The United States (U.S.) suffers from high infant mortality (IM) rates and there are significant racial/ethnic differences in these rates. Prior studies on the environment and infant mortality are generally limited to singular exposures. We utilize the Environmental Quality Index (EQI), a measure of cumulative environmental exposure (across air, water, land, sociodemographic, and land domains) for U.S. counties from 2000 to 2005, to investigate associations between ambient environment and IM across maternal race/ethnicity. We linked 2000–2005 infant data from the U.S. Centers for Disease Control and Prevention to the EQI (n = 22,702,529; 144,741 deaths). We utilized multi-level regression to estimate associations between quartiles of county-level EQI and IM. We also considered associations between quartiles of county level domain specific indices with IM. We controlled for rural-urban status (RUCC1: urban, metropolitan; RUCC2: urban, non-metropolitan; RUCC3: less urbanized; RUCC4: thinly populated), maternal age, maternal education, marital status, infant sex, and stratified on race/ethnicity. Additionally, we estimated associations for linear combinations of environmental quality and rural-urban status. We found a mix of positive, negative, and null associations and our findings varied across domain and race/ethnicity. Poorer overall environmental quality was associated with decreased odds among Non-Hispanic whites (OR and 95% CI: EQIQ4 (ref. EQIQ1): 0.84[0.80,0.89]). For Non-Hispanic blacks and Hispanics, some increased odds were observed. Poorer air quality was monotonically associated with increased odds among Non-Hispanic whites (airQ4 (ref. airQ1): 1.05[0.99,1.11]) and blacks (airQ4 (ref. airQ1): 1.09 [0.9,1.31]). Rural status was associated with increased IM odds among Hispanics (RUCC4-Q4:1.36[1.04,1.78]; RUCC1-Q4: 1.04[0.92,1.16], ref. for both RUCC1-Q1). This study is the first to report on associations between ambient environmental quality and IM across the United States. It corroborates prior research suggesting an association between air pollution and IM and identifies residence in thinly populated (rural) areas as a potential risk factor towards IM amongst Hispanics. Some of the counterintuitive findings highlight the need for additional research into potentially differential drivers of environmental quality across the rural-urban continuum, especially with regards to the sociodemographic environment.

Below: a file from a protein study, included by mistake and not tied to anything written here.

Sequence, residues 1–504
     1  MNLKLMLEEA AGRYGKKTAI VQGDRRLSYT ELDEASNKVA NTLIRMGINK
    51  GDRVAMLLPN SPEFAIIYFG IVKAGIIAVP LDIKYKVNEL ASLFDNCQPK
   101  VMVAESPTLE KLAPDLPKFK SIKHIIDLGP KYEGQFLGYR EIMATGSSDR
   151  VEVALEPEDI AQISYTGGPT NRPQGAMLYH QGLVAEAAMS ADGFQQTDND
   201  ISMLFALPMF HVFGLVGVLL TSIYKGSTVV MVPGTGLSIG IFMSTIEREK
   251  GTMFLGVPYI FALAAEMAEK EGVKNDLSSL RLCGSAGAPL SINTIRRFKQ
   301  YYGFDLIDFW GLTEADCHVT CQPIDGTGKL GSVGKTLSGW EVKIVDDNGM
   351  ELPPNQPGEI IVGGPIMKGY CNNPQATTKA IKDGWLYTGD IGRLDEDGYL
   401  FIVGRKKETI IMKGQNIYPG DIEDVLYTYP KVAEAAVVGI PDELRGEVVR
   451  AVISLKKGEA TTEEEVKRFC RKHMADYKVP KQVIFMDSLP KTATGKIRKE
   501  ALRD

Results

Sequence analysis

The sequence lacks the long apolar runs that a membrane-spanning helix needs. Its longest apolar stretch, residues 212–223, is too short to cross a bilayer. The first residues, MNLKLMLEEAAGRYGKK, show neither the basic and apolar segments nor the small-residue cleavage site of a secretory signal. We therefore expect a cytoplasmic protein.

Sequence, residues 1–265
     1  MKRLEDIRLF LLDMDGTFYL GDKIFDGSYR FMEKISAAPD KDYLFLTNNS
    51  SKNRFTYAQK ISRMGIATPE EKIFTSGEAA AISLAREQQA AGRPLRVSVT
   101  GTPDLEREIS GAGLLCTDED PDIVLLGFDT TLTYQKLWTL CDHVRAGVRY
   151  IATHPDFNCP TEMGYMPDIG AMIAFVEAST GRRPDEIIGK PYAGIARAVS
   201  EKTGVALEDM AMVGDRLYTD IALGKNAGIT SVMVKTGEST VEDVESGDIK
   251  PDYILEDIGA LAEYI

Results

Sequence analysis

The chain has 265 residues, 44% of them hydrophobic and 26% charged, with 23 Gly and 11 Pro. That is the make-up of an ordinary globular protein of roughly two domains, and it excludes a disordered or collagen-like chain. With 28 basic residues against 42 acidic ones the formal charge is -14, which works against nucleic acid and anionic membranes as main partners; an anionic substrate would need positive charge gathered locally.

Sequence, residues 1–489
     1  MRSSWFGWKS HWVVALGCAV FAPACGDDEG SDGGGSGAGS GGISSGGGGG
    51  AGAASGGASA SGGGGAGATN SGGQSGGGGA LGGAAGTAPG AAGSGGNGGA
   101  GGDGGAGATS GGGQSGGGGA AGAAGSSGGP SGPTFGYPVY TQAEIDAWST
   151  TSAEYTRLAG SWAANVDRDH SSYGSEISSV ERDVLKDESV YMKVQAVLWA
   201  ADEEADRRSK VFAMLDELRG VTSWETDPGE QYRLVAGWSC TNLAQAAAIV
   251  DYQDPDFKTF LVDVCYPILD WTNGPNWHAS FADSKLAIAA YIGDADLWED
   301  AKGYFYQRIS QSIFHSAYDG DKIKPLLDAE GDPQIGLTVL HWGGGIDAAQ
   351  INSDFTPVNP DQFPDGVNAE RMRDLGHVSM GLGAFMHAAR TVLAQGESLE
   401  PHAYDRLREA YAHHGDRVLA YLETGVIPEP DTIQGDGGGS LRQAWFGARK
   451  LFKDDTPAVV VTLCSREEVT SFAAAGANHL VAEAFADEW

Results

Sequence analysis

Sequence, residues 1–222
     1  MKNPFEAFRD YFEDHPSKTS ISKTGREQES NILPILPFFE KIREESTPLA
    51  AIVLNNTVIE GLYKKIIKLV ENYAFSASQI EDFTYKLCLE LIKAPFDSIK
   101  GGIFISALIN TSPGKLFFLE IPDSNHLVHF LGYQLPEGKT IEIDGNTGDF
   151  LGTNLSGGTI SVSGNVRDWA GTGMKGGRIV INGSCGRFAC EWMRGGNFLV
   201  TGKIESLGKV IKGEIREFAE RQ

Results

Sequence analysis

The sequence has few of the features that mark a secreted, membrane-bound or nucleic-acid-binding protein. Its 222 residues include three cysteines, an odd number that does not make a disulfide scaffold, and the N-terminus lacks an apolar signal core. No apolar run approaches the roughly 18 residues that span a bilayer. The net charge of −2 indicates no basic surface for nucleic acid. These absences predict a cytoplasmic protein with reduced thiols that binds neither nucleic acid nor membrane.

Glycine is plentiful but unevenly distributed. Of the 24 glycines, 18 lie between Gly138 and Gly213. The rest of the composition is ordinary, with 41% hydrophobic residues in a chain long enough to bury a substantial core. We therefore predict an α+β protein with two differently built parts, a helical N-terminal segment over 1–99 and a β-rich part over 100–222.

The association between physical inactivity and obesity is modified by five domains of environmental quality in U.S. adu...Published: 30 August 2018 by Public Library of Science (PLoS) in PLOS ONE